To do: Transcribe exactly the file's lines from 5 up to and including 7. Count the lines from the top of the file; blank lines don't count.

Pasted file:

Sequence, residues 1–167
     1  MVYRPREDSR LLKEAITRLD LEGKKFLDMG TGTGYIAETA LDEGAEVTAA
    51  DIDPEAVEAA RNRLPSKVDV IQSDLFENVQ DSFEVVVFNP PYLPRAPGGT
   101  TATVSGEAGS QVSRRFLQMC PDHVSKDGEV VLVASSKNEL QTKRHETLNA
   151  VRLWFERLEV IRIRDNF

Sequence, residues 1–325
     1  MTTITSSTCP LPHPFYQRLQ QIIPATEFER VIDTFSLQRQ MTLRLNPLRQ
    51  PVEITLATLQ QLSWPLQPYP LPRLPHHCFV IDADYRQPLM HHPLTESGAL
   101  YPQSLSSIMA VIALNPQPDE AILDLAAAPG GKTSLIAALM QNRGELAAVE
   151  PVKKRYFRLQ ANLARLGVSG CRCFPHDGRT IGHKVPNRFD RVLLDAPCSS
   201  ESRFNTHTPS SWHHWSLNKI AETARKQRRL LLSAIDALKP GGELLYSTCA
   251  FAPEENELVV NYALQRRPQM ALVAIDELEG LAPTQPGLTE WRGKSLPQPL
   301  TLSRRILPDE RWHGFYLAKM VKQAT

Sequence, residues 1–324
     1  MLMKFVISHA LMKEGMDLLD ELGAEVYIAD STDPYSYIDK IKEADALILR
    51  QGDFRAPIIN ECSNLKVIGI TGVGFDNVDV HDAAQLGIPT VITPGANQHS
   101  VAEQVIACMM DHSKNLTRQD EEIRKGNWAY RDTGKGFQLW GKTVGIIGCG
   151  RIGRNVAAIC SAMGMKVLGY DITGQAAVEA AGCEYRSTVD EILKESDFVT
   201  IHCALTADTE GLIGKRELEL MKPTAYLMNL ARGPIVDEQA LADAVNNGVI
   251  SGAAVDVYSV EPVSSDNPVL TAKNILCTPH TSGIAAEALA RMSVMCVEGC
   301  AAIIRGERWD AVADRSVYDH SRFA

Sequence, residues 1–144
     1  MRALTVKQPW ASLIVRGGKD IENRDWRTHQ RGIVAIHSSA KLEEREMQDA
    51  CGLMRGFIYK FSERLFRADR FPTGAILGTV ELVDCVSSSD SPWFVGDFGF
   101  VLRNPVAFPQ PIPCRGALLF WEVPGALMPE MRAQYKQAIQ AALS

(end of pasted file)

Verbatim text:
   151  VRLWFERLEV IRIRDNF

Sequence, residues 1–325
     1  MTTITSSTCP LPHPFYQRLQ QIIPATEFER VIDTFSLQRQ MTLRLNPLRQ